‘Kim Kardashian West: The Justice Project’ – Reality TV star helps the unfairly sentenced
In the category of celebrities who use their fame for what they believe is right, we present for your consideration Kim Kardashian West.
Indeed, the 39-year-old businesswoman, socialite and media personality from the long-running E! unscripted series “Keeping Up With the Kardashians” is taking up the cause of prison reform, going to bat for people whose sentences she believes are unjustly onerous. Her activism in this arena is detailed in the documentary “Kim Kardashian West: The Justice Project.”
Premiering Sunday, April 5, on Oxygen, the two-hour documentary follows Kardashian West as she works to right injustices and advocate for change while trying to get the sentences of four convicts reduced or commuted. Probably the most noteworthy case, that of Alice Johnson, a great-grandmother who received a life sentence for serving as an intermediary for a drug trafficking organization in a nonviolent first offense, culminated in a commutation by President Trump in 2018.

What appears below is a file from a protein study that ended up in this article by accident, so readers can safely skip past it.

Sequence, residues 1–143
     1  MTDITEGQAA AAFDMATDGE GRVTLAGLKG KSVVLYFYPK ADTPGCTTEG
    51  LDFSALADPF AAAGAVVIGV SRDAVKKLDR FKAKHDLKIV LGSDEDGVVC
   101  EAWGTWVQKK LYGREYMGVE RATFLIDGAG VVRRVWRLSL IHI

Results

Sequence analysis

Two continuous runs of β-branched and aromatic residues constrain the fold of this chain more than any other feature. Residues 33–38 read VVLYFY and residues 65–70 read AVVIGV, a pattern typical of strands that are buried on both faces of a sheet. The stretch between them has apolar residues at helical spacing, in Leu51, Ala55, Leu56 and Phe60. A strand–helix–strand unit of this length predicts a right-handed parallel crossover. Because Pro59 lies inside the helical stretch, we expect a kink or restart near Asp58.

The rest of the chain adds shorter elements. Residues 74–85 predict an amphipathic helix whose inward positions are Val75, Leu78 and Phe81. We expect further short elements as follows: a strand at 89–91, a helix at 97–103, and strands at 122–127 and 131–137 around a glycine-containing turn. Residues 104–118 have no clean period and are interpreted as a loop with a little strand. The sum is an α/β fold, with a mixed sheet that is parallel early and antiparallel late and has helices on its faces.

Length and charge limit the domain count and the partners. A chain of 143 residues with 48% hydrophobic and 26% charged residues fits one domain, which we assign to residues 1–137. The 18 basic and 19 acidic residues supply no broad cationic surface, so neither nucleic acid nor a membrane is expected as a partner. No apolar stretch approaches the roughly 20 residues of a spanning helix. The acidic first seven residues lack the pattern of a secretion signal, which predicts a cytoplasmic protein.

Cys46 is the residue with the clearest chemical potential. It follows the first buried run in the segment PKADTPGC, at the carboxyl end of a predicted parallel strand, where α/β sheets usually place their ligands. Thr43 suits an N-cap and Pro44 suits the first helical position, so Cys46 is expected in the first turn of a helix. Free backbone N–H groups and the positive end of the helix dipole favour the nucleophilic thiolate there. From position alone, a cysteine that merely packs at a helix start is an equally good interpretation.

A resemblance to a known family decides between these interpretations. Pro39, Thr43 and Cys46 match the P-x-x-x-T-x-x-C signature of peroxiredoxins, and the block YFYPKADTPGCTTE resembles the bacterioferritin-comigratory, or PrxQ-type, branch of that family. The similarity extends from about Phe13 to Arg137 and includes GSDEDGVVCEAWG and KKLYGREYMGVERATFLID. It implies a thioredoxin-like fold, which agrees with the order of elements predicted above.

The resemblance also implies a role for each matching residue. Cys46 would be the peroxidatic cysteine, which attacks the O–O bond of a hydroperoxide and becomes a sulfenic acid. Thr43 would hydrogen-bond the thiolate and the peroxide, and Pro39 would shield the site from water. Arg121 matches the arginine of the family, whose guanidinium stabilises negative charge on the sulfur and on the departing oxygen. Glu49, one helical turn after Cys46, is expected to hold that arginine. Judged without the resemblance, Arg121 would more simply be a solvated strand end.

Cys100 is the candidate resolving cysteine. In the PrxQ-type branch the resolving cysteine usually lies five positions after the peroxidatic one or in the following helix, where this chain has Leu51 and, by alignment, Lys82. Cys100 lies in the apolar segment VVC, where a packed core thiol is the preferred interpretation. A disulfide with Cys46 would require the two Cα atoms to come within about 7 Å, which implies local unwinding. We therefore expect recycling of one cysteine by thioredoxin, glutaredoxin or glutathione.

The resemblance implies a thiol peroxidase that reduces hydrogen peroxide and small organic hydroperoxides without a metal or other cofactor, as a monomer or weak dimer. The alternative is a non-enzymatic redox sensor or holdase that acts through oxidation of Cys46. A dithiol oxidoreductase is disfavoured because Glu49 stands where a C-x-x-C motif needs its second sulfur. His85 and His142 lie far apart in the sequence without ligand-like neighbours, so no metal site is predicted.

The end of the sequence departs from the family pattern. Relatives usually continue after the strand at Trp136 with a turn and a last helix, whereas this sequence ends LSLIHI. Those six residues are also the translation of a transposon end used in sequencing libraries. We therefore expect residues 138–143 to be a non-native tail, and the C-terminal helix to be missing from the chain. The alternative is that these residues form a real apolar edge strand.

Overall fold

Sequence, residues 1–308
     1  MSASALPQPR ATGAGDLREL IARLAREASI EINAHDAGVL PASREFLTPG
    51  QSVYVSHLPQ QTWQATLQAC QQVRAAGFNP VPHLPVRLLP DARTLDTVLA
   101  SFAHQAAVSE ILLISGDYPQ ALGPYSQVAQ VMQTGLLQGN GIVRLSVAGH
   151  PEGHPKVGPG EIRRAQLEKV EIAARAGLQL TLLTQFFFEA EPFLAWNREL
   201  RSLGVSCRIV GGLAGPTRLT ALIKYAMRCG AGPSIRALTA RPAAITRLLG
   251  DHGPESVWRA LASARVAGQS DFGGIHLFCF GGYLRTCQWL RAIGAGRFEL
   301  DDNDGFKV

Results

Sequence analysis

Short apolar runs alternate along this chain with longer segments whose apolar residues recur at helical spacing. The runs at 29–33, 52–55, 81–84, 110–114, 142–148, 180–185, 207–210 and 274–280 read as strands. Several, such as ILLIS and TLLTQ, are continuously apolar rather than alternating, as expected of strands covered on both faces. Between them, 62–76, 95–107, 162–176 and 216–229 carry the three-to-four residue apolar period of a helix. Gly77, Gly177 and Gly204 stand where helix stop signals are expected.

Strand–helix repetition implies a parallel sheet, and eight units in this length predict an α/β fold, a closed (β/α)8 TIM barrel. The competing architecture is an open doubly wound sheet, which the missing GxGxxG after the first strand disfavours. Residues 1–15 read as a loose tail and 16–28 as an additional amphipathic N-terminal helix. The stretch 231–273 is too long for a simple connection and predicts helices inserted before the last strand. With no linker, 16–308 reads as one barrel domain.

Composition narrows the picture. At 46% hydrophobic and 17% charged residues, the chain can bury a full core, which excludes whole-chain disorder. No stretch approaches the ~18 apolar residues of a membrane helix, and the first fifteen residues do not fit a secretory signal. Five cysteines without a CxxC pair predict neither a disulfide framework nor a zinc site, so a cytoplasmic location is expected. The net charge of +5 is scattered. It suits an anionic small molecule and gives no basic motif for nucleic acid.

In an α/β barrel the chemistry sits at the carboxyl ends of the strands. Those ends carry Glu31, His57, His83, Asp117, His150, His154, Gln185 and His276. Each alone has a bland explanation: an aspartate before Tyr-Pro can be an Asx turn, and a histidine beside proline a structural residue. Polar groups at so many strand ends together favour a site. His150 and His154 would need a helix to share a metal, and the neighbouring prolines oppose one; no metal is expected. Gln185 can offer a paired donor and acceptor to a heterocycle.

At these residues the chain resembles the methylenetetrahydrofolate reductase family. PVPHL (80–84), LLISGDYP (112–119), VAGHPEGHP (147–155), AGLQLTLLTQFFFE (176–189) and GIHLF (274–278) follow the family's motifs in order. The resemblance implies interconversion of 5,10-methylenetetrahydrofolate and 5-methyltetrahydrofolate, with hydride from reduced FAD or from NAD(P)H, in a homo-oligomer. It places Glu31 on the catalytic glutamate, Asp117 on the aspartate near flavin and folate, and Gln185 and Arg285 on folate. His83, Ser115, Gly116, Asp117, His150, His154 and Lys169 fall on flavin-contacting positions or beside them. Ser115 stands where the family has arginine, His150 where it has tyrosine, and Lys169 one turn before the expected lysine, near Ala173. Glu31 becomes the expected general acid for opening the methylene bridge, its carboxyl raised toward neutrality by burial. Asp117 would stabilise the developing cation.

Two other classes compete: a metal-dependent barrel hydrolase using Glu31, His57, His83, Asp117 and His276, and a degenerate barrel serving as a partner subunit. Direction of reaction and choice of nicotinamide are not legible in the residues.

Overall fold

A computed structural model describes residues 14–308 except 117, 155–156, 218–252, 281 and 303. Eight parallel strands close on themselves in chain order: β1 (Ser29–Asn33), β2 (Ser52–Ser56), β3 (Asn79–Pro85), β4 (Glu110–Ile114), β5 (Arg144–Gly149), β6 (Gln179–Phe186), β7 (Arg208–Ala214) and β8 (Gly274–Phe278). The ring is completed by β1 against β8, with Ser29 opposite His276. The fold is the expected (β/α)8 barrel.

“Every case that I chose is really personal to me,” Kardashian West explained to a recent gathering of journalists in Pasadena, Calif., “and a lot of the time it’s from a letter that I receive from someone on the inside that just really touches my heart and something that I know that moves me. You know, sometimes there’s so many cases that I do want to help, but I just know that it will be a huge challenge. And so, those might take a little bit longer, and I’ll send those off to a group of attorneys I think can make a difference.”
The documentary also delves into the individual cases and the circumstances that originally led the individuals to take the actions they did. For this, Kardashian West visited prisons, spoke with the individuals’ families and friends and met with lawyers to develop strategies to facilitate their release.
The law has always been a passion for Kardashian West, the daughter of prominent lawyer Robert Kardashian, and she is currently studying to take the bar exam in the hopes of helping those who need and deserve it.
“It took my breath away sitting there hearing these stories of people that are no different than really us,” she says. “They just have a